Test Drive: 2014 Mazda6 GT iELOOP car test drives mazda
Test Drive: 2014 Mazda6 GT iELOOP car test drives mazda
Test Drive: 2014 Mazda6 GT iELOOP car test drives mazda
Test Drive: 2014 Mazda6 GT iELOOP car test drives mazda
2014 Mazda6 GT iELOOP. Click image to enlarge

Review and photos by Jacob Black

The 2014 Mazda6 GT has received plenty of positive coverage from automotive journalists, all of whom are impressed by its driving dynamics and its styling. I was no exception.

The Mazda6 is an engaging drive, even with a whisper-quiet 2.5L Skyactiv inline four. Sure, it only produces 184 hp and 185 lb-ft torque at 5,700 and 3,250 rpm respectively, but it also only drags around 1,466 kg. And while that horsepower number seems low on initial read, the car does hustle off the line – even with the engine primed for maximum fuel efficiency. The only time I wished for more oomph was when I was accelerating from almost the speed limit to overtake an oil-spewing vehicle on the 401, there was a little hesitation and then a slower-than-expected wind-up. My impatience was already strained though, and it’s possible I judged the car through the fog of traffic war.

Further to the efficiency cause, this edition of the Mazda6 GT came with iELOOP – a regenerative braking system that recharges capacitors. Those devices in turn provide electricity to the car’s auxiliary circuits like HVAC and infotainment, even headlights and turn signals. The result is less drain on the battery and in turn the alternator, which improves fuel economy by reducing mechanical friction in the drive system, and also is said to prolong battery life. It’s a little bit like some hybrid systems in the way it harvests power, and could be a mezzanine as Mazda slowly rolls out its own hybrid plans.

Mazda has worked hard on its Skyactiv economy credibility, and the EPA rates the non-iELOOP auto at 9.5/6.2/7.8 L/100 km city/highway/combined. With iELOOP that improves to 8.4/5.9/7.3 L/100 km, around ten percent better in the city, and about six percent better overall. I achieved 9.2 in my week with the car. It’s worth noting that James Bergeron scored a 7.7 during his test of the Mazda 6 GT, which was 0.2 L/100 km worse than his week in the Nissan Altima.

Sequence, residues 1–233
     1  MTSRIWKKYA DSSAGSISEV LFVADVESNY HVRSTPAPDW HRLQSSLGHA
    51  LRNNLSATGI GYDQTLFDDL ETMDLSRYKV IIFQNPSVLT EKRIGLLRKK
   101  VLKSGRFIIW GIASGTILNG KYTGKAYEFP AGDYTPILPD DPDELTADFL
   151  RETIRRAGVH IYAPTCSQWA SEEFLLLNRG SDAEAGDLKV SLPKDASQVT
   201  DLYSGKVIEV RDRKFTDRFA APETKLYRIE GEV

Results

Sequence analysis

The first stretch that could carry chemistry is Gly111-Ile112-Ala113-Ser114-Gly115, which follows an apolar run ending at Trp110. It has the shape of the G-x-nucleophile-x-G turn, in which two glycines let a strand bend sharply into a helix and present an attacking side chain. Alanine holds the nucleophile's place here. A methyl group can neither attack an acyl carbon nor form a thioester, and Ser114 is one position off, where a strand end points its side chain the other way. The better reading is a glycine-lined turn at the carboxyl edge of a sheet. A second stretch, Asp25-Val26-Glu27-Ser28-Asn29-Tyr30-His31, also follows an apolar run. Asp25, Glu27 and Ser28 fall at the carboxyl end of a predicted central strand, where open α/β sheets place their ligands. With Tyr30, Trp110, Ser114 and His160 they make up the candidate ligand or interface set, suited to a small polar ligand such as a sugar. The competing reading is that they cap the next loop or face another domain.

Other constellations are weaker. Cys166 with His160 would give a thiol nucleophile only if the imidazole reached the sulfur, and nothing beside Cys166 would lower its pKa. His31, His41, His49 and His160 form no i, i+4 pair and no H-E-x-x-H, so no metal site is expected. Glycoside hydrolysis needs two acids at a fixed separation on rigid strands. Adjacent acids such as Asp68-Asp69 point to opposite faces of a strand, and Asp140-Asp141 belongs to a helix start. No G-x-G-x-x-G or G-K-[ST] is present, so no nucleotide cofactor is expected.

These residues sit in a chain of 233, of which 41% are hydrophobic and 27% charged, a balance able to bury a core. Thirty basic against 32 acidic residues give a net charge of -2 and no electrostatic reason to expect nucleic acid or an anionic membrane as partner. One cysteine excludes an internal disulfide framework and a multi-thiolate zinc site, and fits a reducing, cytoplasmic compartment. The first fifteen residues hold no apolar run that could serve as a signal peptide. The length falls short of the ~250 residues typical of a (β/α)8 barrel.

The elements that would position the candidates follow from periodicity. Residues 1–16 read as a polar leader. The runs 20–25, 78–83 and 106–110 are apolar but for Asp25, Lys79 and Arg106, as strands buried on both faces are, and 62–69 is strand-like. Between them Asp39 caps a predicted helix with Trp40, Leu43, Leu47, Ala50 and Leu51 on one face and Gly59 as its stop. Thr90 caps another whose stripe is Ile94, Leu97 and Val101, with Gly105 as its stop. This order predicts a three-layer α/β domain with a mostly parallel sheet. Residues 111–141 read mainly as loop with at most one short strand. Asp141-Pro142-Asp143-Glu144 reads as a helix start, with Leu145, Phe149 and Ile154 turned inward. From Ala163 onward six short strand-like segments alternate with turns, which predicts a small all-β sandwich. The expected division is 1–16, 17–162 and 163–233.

The brakes don’t feel grabby like some hybrids do and I never noticed the system working; I would like to drive an iELOOP vs a non-iELOOP model to find out though. The iELOOP system was included in the $2,800 Technology Package, which also adds SiriusXM Satellite Radio (shouldn’t that be standard by now?), Smart City Brake Support, Forward Obstruction Warning, Adaptive Cruise Control, High-Beam Control and Lane Departure Warning. Those are in addition to the keyless entry, power moonroof, blind-spot monitor with cross-traffic alert, rain-sensing wipers, dual-zone automatic climate control, rear-view camera and HID Xenon headlights already standard on the GT.  Those headlights also turn corners – using the steering wheel angle to “aim” the beam in the direction of the corner exit.

Test Drive: 2014 Mazda6 GT iELOOP car test drives mazda Test Drive: 2014 Mazda6 GT iELOOP car test drives mazda
2014 Mazda6 GT iELOOP. Click image to enlarge

The lane departure warning is a clever system in that it sends a rumble through the speaker bank on the side your error is on. Drifting out to the left? The left speakers rumble angrily, and if you drift to the right the right-side speakers rumble. The adaptive cruise control works well, but like many of its competitors the system cuts out at low speed, putting it a rung behind industry leaders whose system can perform a complete stop.




About Jacob Black

Jacob used to write about motorsport for SPEED TV in Australia but met a girl. Now he writes about road cars in Canada and is married to the girl. He lives a very, very good life. Jacob Black is not a werewolf.